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Rangers 2, White Sox 1: When a shutout's worth of pitching isn't enough

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Road trip ends with a whimper as bats waste a strong start from Carlos Rodon

Ronald Martinez/Getty Images

There was an emblematic moment for the White Sox offense early in this game. Avisail Garcia drew a walk to load the bases in the first inning for Alexei Ramirez, which was good. Alexei Ramirez took two pitches out of the zone, which was also good.

Ramirez then got a 2-0 fastball, which was good. And he put a good swing on it. The contact looked good from the center-field camera. The follow through was good.

And the ball didn't even make it to the warning track. Leonys Martin ran it down with strides to spare. That's often been the problem this year: The batted balls just don't go anywhere or do anything cool. Everything and everybody is underpowered in one form or another.

And for nine of the subsequent 10 innings, they really didn't generate any real kind of excitement.

That's a shame, because Carlos Rodon certainly did. He gave up a run in the first inning when a leadoff double came around to score, but even that inning had something to write home about, as Rodon stranded runners on the corners with three consecutive strikeouts.

Rodon didn't allow another run, but he did strike out a career-high 10 over six innings. The Rangers helped him out of a similar jam in the second with a botched bunt, but he started racking up outs with extreme prejudice afterward, setting down the next nine. He finished his night by getting Martin to ground out with a runner on third, but it wasn't quite the threat as it was early on. He had gained control of the situation.

The defense held up its end of the bargain -- especially Carlos Sanchez. He snared a hot Prince Fielder grounder with the bases loaded to end the second inning, then saved the game by making a monster turn on a bases-loaded 6-4-3 in the eighth inning, making a strong throw while taking a shot from Martin. Alexei Ramirez also contributed a couple of plays, and the Sox played errorless ball on the whole while the Rangers committed four of them.

What about the bullpen? Not really. Robin Ventura managed this game in an interesting fashion. He used Jake Petricka in the seventh, and Zach Duke cleaned up his mess in that inning, then lasted an out into the eighth. That much was normal.

But then Ventura went to Daniel Webb, and a questionable move looked even iffier when he gave up a pair of singles to load the bases (fortunately for Webb, Joey Gallo was the lead runner). But he escaped the inning by inducing the aforementioned double play off the bat of Hanser Alberto, then pitched a 1-2-3 ninth with a pair of strikeouts.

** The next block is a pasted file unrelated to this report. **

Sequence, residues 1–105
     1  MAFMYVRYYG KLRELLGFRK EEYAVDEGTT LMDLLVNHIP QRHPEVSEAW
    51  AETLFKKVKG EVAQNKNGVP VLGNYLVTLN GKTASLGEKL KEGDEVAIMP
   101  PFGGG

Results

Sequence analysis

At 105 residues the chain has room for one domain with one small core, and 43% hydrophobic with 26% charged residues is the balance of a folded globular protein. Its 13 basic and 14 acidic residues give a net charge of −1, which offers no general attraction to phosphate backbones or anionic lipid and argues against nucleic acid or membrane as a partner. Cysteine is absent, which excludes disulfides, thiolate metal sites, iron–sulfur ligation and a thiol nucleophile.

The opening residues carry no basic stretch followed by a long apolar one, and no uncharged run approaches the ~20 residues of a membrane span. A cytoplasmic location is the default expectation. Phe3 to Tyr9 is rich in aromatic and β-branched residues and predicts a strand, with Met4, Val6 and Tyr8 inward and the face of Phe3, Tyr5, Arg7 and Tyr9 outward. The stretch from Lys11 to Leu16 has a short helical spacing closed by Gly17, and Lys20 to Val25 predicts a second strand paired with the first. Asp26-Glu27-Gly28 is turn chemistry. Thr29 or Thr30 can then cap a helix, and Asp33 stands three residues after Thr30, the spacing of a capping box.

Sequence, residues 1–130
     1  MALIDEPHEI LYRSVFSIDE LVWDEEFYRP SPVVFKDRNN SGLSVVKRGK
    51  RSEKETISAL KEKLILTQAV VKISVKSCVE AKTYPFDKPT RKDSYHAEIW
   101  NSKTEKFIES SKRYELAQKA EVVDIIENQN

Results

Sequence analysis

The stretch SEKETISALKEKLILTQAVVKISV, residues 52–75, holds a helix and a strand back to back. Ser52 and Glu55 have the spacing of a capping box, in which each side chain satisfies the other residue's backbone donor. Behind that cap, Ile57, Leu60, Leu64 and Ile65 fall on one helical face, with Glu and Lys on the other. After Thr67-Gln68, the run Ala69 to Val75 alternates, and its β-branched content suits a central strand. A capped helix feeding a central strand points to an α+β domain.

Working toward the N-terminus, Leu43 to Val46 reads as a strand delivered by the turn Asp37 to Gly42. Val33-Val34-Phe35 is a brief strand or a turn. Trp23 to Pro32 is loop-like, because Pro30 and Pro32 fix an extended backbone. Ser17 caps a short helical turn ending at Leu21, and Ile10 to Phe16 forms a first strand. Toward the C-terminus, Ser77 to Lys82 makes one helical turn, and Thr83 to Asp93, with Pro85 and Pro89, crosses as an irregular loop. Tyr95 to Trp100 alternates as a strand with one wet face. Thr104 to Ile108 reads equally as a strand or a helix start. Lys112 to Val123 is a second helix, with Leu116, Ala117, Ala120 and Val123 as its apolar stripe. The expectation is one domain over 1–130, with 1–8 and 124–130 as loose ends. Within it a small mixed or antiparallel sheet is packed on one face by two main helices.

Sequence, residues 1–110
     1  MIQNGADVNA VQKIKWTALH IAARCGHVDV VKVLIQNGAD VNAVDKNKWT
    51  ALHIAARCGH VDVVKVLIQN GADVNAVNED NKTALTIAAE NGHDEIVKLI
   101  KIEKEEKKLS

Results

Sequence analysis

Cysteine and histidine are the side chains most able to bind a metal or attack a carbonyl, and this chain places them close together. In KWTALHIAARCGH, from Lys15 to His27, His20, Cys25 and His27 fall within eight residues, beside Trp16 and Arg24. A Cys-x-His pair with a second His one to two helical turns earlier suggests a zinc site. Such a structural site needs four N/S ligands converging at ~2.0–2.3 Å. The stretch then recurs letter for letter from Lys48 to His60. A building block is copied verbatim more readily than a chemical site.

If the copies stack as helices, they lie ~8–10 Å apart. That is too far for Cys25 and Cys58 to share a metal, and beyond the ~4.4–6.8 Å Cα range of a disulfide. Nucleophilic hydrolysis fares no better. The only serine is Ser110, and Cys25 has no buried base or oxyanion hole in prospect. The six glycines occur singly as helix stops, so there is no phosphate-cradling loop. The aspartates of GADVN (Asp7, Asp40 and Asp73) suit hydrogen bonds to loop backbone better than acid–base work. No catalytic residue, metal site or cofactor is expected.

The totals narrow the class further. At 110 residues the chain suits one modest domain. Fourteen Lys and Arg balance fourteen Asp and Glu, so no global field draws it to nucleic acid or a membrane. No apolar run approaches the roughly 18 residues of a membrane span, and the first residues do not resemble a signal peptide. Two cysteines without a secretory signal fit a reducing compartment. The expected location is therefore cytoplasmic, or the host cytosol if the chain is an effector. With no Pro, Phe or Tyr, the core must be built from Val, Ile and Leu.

Then Ventura stuck with Webb for the 10th, even after he gave up a leadoff single to Mitch Moreland. Adam Rosales pinch-ran for Moreland and moved to second on a groundout, and then Webb walked Gallo intentionally to set up the double play. Still in there after two innings and 30 pitches, Webb got Robinson Chirinos to hit a soft liner with the runners in motion, and Sanchez caught it for an easy unassisted double play.

Dan Jennings took over in the 11th, and that's when it unraveled. He gave up a single to Martin, got a bunt out, and then gave up a game-winning single from Choo. It's yet another poor outing for Jennings, and while it'd be easier to have sympathy for him for losing because of two rather ordinary grounders, his ERA is 7.83 now.

Yet he isn't the biggest goat, because White Sox pitchers combined to throw nine scoreless innings after trailing 1-0, and the offense didn't do anything with that. The bats did tie up in the fourth, but they needed help. Garcia reached on a throwing error, and took third on a hit-and-run with Alexei Ramirez. Gordon Beckham then came through with a sac fly for one run, but that was it, off Yovani Gallardo or the five Texas relievers.

The box score says the Sox stranded 10 runners, but that almost sounds like a compliment considering they only had five at-bats with runners in scoring position (0-for-5). They needed more Texas help for their only other threat of the night, which came in the eighth. Adam LaRoche reached on an infield single with one out, probably because Elvis Andrus rushed to make a play and bobbled the exchange. He then moved to second when Gallo booted Ramirez's hot grounder with two outs, which kept the inning alive. Then Beckham hit a flyout to center, and the Sox only had a two-out single over their last three innings.

Bullet points:

*It was a hands-off game for Ventura. Besides letting Webb face 10 batters, Ventura didn't use a single pinch-hitter or pinch-runner during the course of the game.

*Opponents are starting to seek out Melky Cabrera from the right side, as Jeff Banister called on his LOOGY to face him with two outs and a runner on in the seventh. Cabrera hit a routine groundout to short.

Record: 24-28 | Box score | Play-by-play | Highlights